The Passion of purebread Bakery in Whistler

April 03, 2014
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Many home bakers are guilty of the same dream: that one day we’ll open a stylish café serving fantastic coffee and our favourite baked goods. Everyone will love us, and the years will pass in a haze of butter- and sugar-scented bliss.

Then, just as we’re imagining ourselves in a jaunty apron, handing an adoring customer a box of treats, reality sets in. We have not attended pastry school, and our “experience” consists of experiments with a bread machine.

But before self-doubt erases the dream, let me share purebread’s story. Then let’s consider whether dreams can in fact come true.

First things first: when people talk about purebread, they go slightly unhinged. Pupils dilate; voices get higher. From reading Yelp, one would think reviewers were describing not a bakery, but the person they're about to marry ("I fell in love with purebread last summer...") or the solution to unanswerable theological questions ("Heaven is hard to describe. Take a bite out of purebread's pastries and it becomes easier."

Apart from two locations in Whistler, the bakery regularly shows up on the farmers’ market circuit. Their stalls are easy to spot: a zig-zag of customers lining up on the asphalt, clamouring to buy more than a dozen varieties of bread such as asiago-rosemary and hazelnut-fig, and loading up on sweet and savoury treats. A case in point, their drunken apple blondie features a moist butterscotch slab studded with fragrant chunks of apple, and a slathering of brandy-infused buttercream. For those who prefer salt to sweet, their homity pie tastes like a decadent baked potato stuffed into a square of puff pastry.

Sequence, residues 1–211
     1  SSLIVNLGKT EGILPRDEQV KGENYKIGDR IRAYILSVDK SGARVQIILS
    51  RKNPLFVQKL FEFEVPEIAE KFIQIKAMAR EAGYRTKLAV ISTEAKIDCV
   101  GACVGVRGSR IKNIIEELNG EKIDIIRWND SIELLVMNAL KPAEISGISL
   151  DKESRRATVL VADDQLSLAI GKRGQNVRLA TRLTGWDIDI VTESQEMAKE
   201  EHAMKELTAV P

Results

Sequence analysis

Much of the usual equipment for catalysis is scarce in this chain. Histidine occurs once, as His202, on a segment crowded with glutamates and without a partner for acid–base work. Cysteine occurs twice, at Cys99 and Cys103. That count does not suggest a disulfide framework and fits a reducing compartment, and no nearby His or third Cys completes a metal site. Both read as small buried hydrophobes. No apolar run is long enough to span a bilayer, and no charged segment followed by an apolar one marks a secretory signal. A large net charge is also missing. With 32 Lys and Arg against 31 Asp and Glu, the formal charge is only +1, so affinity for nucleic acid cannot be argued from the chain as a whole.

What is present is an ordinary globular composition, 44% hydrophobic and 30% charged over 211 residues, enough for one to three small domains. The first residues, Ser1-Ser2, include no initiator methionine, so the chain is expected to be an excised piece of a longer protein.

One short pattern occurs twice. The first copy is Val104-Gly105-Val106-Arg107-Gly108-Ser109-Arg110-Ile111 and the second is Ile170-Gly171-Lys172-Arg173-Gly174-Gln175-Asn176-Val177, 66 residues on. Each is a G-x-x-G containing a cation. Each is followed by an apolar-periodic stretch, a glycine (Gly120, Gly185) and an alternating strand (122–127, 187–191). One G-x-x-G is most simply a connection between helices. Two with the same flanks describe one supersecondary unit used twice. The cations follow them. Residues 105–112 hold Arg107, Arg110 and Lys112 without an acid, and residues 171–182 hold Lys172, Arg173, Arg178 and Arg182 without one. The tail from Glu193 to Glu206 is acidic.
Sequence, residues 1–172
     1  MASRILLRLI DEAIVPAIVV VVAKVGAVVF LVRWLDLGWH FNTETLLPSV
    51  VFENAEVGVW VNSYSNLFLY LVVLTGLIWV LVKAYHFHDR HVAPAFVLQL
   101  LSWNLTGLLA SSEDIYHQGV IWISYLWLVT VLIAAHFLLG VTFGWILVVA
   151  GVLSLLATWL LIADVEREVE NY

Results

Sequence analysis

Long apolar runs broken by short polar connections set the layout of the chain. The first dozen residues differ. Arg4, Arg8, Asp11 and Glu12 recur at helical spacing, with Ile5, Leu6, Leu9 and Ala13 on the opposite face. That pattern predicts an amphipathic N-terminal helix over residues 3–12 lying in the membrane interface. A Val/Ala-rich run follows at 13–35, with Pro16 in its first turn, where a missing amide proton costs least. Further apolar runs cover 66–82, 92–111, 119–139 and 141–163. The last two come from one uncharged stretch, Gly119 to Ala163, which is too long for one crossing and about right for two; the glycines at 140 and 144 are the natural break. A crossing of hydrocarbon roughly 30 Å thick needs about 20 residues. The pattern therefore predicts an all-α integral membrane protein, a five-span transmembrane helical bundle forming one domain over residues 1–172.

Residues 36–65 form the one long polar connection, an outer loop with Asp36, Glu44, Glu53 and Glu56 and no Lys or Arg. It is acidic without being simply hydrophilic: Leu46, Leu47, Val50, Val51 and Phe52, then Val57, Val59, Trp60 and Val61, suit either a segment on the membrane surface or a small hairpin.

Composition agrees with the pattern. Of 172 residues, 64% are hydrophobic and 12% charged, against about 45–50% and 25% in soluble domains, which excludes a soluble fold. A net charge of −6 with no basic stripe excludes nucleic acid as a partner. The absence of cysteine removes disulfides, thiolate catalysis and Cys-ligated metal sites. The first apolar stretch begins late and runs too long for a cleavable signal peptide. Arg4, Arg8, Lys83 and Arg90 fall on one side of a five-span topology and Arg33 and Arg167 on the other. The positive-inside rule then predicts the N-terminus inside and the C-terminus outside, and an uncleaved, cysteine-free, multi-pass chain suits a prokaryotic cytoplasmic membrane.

Mark and Paula Lamming are the folks behind purebread. Married couple, two kids. Hair beginning to silver. Wry smiles. Paula, a former stockbroker, met Mark in London, England, where he ran a corporate cleaning business. They spent the next five years criss- crossing the globe. Twenty years ago, when they moved to Whistler to escape the rat race of Toronto, they had no idea they’d be bakers.

Paula’s mom, Dee, gave them a breadmaker one Christmas. “We always have a good laugh that a breadmaker started it all,” says Dee, chuckling. The Lammings experimented with the machine because they couldn’t find local bread they truly loved. Once they got the hang of bread making, they ditched the machine, eventually making bread so good that it was the only thing they were allowed to bring to parties.

In 2007, Mark’s co-worker Norm Strim and his wife, Natasha, decided to start a fledgling business, Nonna Pia’s Balsamic Reductions, and when the Strims snagged a stall at Whistler’s popular holiday market Bizarre Bazaar, they asked the Lammings to make bread for sampling. To no one’s surprise but the Lammings, not only did customers buy the balsamic reductions, they wanted to buy the bread, too!

That moment marked a turning point. The next year, the Lammings had a stall of their own at Bizarre Bazaar. From there they started selling at farmers’ markets and had a lineup of customers their first week. During the winter months, customers still wanted their pure- bread fix, so the Lammings took weekly orders, and people came to their home to buy loaves. When recalling the early days, Paula laughs. “Our neighbours probably thought we were a crack house!”

As demand grew, they opened the Function Junction shop in 2010 on a shoestring budget, and a Whistler Village location followed in 2013.

To the casual observer, their story seems like a dream come true: crowd-pleasing products right off the bat followed by one lucky break after another. To make it happen, there were countless predawn baking marathons, long drives to farmers’ markets, and late nights focused on business planning. But ask them about their success, and the Lammings point instead to their non-traditional backgrounds, which they believe gave them a creative edge.